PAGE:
T-DNA contains a promoterless GUS reporter gene fused to the right 
border, and kanamycin and Basta resistance genes as plant selection 
markers.
Other binary vectors and helper strains could also be used (strains ABI, 
ASE, GV3101; vectors pBin19, pOCA18, pCGN, pDE1001). However, strain 
C58C1(pMP90) gave the best results in our conditions. Commonly used 
binary vectors confer resistance to kanamycin, and selection of 
transformants has then to be done in vitro under sterile conditions.

3. Methods

3.1. Growth conditions of the plant material before infiltration

1. Prepare some plastic trays (20x30 cm) with compost. Wet and treat them 
against Sciridae larvae by spraying with a commercial preparation of 
clorfenvinphos.

2. Sow 50 carefully separated seeds on the surface of the compost.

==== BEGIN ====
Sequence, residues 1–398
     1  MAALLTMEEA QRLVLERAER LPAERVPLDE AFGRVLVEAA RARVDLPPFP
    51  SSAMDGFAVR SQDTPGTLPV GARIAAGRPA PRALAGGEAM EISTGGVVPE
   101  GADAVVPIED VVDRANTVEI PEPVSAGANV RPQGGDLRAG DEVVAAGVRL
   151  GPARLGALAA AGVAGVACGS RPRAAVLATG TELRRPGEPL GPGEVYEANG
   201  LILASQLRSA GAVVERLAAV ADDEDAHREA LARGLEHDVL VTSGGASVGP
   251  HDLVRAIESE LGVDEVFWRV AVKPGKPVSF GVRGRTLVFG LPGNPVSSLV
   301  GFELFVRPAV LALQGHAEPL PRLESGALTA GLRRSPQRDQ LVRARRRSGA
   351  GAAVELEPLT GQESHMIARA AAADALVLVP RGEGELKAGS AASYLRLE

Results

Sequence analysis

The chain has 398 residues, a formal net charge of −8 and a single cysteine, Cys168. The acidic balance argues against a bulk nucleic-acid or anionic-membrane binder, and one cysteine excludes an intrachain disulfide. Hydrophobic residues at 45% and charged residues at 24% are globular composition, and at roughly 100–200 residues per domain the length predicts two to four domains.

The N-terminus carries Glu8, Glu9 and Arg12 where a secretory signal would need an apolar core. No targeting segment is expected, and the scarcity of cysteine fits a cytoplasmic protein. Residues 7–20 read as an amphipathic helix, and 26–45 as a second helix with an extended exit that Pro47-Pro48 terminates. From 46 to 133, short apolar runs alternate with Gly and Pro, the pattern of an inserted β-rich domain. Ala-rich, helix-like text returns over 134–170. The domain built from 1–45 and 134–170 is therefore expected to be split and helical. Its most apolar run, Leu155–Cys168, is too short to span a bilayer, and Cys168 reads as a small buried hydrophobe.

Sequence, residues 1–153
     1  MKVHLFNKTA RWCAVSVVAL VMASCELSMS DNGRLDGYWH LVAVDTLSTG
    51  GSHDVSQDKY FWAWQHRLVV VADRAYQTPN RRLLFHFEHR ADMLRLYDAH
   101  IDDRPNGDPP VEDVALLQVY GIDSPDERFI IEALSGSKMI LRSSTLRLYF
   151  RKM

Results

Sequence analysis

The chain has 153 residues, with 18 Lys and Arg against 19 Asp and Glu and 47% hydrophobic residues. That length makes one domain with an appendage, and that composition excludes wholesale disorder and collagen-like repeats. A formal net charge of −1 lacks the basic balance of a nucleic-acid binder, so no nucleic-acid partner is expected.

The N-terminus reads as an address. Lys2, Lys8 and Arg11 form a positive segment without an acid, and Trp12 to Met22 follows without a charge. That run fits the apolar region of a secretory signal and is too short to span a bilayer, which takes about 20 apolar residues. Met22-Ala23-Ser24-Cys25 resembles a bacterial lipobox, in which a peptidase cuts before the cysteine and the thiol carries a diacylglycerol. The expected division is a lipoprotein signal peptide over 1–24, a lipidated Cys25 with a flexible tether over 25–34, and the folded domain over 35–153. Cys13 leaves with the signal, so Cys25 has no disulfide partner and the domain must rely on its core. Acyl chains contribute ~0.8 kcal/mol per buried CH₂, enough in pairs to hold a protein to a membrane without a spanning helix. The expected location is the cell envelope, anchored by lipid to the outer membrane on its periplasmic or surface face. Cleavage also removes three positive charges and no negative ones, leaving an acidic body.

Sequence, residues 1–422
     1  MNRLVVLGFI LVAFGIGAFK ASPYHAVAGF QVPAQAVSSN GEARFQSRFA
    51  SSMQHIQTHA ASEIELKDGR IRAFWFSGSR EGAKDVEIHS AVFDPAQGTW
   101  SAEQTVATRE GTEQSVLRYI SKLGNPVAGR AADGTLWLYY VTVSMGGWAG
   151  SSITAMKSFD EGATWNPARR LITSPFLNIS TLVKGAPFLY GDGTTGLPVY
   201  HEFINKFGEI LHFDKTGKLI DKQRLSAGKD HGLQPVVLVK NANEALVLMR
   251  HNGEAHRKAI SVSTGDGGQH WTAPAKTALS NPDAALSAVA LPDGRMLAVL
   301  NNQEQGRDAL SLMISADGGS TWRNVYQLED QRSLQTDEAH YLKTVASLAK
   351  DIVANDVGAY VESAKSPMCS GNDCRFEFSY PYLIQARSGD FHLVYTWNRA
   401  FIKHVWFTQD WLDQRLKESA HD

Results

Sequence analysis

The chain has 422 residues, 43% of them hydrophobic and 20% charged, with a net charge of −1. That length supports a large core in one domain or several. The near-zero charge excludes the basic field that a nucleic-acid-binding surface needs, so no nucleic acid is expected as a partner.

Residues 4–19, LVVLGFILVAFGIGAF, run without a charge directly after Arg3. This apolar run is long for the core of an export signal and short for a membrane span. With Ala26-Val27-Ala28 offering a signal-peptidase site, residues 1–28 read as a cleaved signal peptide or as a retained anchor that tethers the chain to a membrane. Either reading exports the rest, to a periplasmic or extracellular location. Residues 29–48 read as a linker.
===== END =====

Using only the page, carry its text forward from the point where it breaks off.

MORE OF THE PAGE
3. Place the trays at 4!C for 64h for stratification.

3. Place the trays in the greenhouse (sixteen-hour day photoperiod, 15!C 
night and 20 to 25 !C day temperature with additional artificial light 
(105 mE/m2/s) (see note 3) and subirrigate with a layer of tap water 
under the trays, until germination. Afterwards water moderately for 4 to 
6 weeks.

3.2. Agrobacterium culture and preparation

1. Prepare a preculture by inoculating 10 ml of LB medium containing the 
appropriate antibiotics with 100 ml of a last culture or a glycerol, or 
with a colony taken from a Petri dish (see Note 4).

2. Place at 28!C with good aeration for one night.

3. Inoculate a 2 liter erlenmeyer flask containing 1 liter of LB medium 
and the appropriate antibiotics with the 10 ml of preculture.

4.Grow at 28!C with good aeration until the OD(600nm) reaches at least 
0.8 (see Note 5).

5. Spin the culture at 8000 g for 7 minutes. Gently resuspend the 
bacteria with 1/3 of the initial volume of infiltration medium (see Note